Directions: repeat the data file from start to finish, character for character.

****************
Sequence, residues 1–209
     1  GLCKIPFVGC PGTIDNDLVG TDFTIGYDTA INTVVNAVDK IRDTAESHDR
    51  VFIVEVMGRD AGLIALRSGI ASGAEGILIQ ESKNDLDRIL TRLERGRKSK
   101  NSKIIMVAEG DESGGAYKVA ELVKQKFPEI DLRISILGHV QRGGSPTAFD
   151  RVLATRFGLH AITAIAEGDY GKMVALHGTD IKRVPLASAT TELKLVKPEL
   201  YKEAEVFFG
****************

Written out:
Sequence, residues 1–209
     1  GLCKIPFVGC PGTIDNDLVG TDFTIGYDTA INTVVNAVDK IRDTAESHDR
    51  VFIVEVMGRD AGLIALRSGI ASGAEGILIQ ESKNDLDRIL TRLERGRKSK
   101  NSKIIMVAEG DESGGAYKVA ELVKQKFPEI DLRISILGHV QRGGSPTAFD
   151  RVLATRFGLH AITAIAEGDY GKMVALHGTD IKRVPLASAT TELKLVKPEL
   201  YKEAEVFFG